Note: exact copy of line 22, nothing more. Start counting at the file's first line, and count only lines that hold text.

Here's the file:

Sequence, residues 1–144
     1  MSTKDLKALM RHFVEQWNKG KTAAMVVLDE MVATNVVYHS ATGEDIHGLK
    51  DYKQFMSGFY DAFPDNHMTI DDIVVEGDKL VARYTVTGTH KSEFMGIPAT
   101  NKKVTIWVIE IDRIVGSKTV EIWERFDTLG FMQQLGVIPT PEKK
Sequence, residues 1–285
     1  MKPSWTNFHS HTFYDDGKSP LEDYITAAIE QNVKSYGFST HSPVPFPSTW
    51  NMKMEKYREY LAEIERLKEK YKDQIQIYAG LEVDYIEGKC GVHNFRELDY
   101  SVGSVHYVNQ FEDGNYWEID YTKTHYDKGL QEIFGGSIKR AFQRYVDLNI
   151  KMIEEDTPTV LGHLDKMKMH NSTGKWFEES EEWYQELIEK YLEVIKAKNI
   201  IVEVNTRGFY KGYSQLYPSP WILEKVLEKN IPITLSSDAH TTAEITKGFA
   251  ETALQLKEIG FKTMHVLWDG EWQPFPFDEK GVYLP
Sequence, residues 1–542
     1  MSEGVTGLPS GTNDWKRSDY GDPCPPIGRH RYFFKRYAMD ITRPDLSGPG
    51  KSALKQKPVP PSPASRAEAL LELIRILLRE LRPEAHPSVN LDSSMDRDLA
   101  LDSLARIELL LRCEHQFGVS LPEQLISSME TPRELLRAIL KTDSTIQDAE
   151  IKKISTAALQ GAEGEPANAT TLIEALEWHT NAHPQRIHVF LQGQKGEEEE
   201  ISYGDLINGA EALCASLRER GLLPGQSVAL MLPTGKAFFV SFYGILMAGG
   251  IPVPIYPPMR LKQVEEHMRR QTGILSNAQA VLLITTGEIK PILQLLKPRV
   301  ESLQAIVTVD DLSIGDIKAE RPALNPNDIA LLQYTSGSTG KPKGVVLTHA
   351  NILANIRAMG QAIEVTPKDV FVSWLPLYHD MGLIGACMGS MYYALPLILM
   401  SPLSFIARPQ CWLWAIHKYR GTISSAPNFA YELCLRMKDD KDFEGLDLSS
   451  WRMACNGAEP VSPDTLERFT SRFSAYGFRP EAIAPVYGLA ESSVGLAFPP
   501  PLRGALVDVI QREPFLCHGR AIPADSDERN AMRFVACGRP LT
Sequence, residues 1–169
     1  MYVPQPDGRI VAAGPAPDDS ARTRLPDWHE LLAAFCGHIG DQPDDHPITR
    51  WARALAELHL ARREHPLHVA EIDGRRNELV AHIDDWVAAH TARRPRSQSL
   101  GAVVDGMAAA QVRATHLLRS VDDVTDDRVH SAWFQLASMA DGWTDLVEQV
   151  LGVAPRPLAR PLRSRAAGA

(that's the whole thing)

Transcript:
   451  WRMACNGAEP VSPDTLERFT SRFSAYGFRP EAIAPVYGLA ESSVGLAFPP